Wednesday, February 8, 2012

Report Card

Yesterday, I came home around lunch time for, oddly enough, lunch, and saw that Sabrina's report card had come in the mail. She had been telling me for weeks that she was worried that she might not be in her customary place on high honor roll, but I wasn't too worried about it, because this quarter, in the 10-week class slot, she had replaced Art (with its attendant witchy teacher; bottom line is, if you've grown tired of dealing with kids, you really should find another line of work) with a home-ec class that she both liked and was grading well in. And so it turned out; she actually ended up with a 96 average, a point higher than last quarter. And the comments were uniformly excellent.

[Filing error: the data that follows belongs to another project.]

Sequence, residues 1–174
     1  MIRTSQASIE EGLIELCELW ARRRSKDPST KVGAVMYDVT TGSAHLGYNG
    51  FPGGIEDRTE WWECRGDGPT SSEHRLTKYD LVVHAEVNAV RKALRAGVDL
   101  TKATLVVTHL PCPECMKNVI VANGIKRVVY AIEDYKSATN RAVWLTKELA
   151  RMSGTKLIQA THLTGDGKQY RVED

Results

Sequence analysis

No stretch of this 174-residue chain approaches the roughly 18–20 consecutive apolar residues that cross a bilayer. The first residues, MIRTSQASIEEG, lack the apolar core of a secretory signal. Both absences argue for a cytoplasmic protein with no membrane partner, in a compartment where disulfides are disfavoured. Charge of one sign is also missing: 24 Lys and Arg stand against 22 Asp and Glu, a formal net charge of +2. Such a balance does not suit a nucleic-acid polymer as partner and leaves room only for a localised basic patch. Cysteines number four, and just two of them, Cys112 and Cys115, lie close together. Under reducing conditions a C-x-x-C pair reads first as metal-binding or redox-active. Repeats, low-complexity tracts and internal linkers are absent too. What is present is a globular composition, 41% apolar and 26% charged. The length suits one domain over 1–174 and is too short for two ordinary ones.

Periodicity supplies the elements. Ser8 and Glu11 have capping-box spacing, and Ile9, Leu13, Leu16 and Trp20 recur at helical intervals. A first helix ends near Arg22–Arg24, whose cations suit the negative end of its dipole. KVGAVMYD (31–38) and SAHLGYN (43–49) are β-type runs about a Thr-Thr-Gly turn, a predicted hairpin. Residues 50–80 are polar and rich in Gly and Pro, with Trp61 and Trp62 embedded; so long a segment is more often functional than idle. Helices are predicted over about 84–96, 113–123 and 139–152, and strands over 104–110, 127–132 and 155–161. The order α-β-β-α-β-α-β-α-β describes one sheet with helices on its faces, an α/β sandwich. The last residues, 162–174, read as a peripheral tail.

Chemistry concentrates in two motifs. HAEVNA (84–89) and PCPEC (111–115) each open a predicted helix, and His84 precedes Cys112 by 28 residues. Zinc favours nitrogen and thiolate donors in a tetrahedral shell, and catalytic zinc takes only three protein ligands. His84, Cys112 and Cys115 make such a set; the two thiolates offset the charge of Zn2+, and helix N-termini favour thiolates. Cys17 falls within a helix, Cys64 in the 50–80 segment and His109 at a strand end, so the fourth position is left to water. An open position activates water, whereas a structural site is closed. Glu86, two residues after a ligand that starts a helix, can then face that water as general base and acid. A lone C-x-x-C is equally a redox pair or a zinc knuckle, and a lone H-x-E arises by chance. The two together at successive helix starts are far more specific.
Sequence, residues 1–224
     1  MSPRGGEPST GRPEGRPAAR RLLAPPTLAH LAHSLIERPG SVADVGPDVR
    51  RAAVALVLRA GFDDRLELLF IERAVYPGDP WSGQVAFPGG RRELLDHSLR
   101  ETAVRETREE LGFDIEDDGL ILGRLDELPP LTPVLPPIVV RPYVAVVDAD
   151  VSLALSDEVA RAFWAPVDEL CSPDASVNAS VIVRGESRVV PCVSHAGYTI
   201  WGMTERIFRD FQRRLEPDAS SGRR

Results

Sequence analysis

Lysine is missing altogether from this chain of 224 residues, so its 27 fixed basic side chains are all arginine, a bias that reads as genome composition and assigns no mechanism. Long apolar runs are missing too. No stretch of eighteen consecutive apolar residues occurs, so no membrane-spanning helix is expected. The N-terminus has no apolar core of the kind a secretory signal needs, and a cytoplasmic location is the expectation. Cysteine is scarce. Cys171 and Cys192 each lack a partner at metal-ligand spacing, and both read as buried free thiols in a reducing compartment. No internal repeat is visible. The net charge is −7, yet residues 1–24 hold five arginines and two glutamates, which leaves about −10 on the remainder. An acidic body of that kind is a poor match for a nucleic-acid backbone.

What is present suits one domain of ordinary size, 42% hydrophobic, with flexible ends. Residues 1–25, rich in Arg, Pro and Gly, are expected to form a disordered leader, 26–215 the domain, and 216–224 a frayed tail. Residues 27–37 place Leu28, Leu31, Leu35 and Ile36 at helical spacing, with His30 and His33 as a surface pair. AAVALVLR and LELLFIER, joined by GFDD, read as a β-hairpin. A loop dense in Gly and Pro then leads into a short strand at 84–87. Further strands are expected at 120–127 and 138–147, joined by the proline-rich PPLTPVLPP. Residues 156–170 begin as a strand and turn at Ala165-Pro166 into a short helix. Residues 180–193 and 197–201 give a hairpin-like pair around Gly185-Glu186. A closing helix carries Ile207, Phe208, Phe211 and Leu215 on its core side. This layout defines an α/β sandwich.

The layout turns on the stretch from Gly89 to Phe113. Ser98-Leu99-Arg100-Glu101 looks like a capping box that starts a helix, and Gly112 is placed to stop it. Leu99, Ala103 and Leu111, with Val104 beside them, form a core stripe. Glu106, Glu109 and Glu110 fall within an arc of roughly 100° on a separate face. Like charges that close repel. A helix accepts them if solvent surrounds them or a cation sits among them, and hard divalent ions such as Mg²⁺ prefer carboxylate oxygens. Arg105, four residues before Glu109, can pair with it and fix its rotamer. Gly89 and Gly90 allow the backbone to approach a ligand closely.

And I gave thanks again that while she looks more like her mother than me, in important ways my genes seem to have bubbled up to the forefront. Yesterday morning, I noted that her now-18YO half brother was posting on Facebook that he was outside Manley's at 3:30 AM on a Tuesday morning; he has just become a train wreck in the last couple of years, allegedly preparing for GED but mixed up in all sorts of worrisome things. Her younger brother is even more of a mess, and in another time and place probably would have been institutionalized. Her two sisters have also inherited their father's academic aptitude; I admit that it is a little unsettling seeing, vicariously, what I was actually capable of if I had tried harder when I was younger, because all three of them sport higher grades than I had. Rachel, of course, is on track to be valedictorian at Johnson City this year, Jessica is on high honor roll, and Sabrina's 96 has got to be one of the higher averages at West. While I did well enough when I was in school, I didn't score on that level, and that was because I didn't put the level of work in that they do. Every Sunday when Rachel and Jess come here, they bring their backpacks and do copious amounts of homework, and Sabrina, too, spends a lot of time every day with her work. I honestly don't remember ever doing homework on weekends before dark on Sunday nights, and judging from the amount of television I can remember watching, I didn't exactly spend hours each night studying.